Database numbering systems -- Used in an effort to reduce confusion in travel, a database with numbered items has been implemented, identifying various entities such as solar systems, individual planets, species, stars, etc.
M Class -- Inhabited planets, or planets meeting all standards to support complex humanoid life.
Technology Level -- Used to classify the stage of technology a planet is at. Classification is based upon the highest level found among all species inhabiting the world.    S *Highly advanced, unknown technology surpassing all current established sciences    A *Warp-capable    B *Sub-light travel    C *Rocket/Computing-capable    D *Industrial    E *Stone or earlier
This wouldn't let me edit the original post so here are the planetary classifications
Class A - Geothermal
Class A planets are very small, barren worlds rife with volcanic activity. This activity traps carbon dioxide in the atmosphere and keeps temperatures on Class A planets very hot, no matter the location in a star system. When the volcanic activity ceases, the planet "dies" and is then considered a Class C planet.
Class B – Geomorteus
Class B planets are generally small worlds located within a star system's Hot Zone. Highly unsuited for humanoid life, Class B planets have thin atmospheres composed primarily of helium and sodium. The surface is molten and highly unstable; temperatures range from 450° in the daylight, to nearly -200° at night. No life forms have ever been observed on Class B planetoids.
Class C – Geoinactive
When all volcanic activity on a dClass A planet ceases, it is considered Class C. Essentially dead, these small worlds have cold, barren surfaces and possess no geological activity.
Class D – Dwarf
Also known as Plutonian objects, these tiny worlds are composed primarily of ice and are generally not considered true planets. Many moons and asteroids are considered Class D, as are the larger objects in a star system's Kuiper Belt. Most are not suitable for humanoid life, though many can be colonized via pressure domes.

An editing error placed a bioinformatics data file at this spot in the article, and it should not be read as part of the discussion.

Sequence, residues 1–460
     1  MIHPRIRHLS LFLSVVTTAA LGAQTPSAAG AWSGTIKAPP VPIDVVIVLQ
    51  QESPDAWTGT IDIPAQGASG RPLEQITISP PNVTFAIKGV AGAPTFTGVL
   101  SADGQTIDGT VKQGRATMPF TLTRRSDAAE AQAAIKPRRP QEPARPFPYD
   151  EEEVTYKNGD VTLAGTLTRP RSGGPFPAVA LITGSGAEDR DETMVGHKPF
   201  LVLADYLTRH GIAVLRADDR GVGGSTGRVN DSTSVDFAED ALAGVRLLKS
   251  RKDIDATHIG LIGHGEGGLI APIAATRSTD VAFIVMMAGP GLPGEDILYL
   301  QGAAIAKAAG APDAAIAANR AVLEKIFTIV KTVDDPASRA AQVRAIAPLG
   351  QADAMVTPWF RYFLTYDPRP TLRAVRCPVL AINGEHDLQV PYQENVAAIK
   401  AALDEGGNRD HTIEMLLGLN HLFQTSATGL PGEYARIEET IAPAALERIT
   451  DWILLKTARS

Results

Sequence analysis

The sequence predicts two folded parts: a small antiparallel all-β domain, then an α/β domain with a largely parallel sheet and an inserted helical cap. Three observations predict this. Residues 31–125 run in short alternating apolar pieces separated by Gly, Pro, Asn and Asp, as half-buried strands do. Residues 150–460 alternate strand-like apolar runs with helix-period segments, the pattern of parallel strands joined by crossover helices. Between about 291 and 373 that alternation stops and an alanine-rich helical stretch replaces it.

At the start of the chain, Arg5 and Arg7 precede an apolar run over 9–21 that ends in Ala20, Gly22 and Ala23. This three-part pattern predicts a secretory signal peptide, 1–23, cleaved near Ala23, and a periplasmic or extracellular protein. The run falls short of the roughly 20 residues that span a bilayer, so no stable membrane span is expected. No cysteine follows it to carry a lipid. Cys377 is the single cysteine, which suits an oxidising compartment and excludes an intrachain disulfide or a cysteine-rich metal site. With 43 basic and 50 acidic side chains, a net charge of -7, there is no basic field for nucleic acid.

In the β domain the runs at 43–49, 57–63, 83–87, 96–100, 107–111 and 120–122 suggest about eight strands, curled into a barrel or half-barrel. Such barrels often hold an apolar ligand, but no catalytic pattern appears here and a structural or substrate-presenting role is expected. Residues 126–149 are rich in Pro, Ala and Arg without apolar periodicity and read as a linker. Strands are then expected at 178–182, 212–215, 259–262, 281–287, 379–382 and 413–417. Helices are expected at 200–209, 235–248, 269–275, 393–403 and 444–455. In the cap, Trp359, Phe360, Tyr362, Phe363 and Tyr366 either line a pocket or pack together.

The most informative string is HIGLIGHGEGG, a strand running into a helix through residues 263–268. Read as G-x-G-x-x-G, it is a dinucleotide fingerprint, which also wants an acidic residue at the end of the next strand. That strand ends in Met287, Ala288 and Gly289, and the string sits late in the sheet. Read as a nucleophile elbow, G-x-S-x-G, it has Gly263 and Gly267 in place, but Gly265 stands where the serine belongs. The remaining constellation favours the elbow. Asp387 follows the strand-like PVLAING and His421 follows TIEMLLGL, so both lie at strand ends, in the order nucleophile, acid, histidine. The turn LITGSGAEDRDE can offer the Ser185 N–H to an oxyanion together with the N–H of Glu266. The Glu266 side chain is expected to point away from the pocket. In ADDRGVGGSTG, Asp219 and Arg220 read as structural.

Class E – Geoplastic
Class E Planets represent the earliest state in the evolution of a habitable planet. The core and crust is completely molten, making the planets susceptible to solar winds and radiation and subject to extremely high surface temperatures. The atmosphere is very thin, composed of hydrogen and helium. As the surface cools, the core and crust begin to harden, and the planet evolves into a Class F world.
Class F – Geometallic
A Class E planet makes the transition to Class F once the crust and core have begun to harden. Volcanic activity is also commonplace on Class F worlds; the steam expelled from volcanic eruptions eventually condenses into water, giving rise to shallow seas in which simple bacteria thrive. When the planet's core is sufficiently cool, the volcanic activity ceases and the planet is considered Class G.
Class G - Geocrystalline
After the core of a Class F planet is sufficiently cool, volcanic activity lesses and the planet is considered Class G. Oxygen and nitrogen are present in some abundance in the atmosphere, giving rise to increasingly complex organisms such as primitive vegetation like algae, and animals similar to sponges and jellyfish. As the surface cools, a Class G planet can evolve into a Class H, K, M, N, O, or P class world.
Class H – Desert
A planet is considered Class H if less than 20% of its surface is water. Though many Class H worlds are covered in sand, it is not required to be considered a desert; it must, however, receive little in the way of precipitation. Drought-resistant plants and animals are common on Class H worlds, and are inhabited by humanoid populations. Most Class H worlds are hot and arid, but conditions can vary greatly.
Class I – Ice Giant
Also known as Uranian planets these gaseous giants have vastly different compositions from other giant worlds; the core is mostly rock and ice surround by tenuous layers of methane, water, and ammonia. Additionally, the magnetic field is sharply inclined to the axis of rotation. Class I planets typically form on the fringe of a star system.
Class J - Gas Giant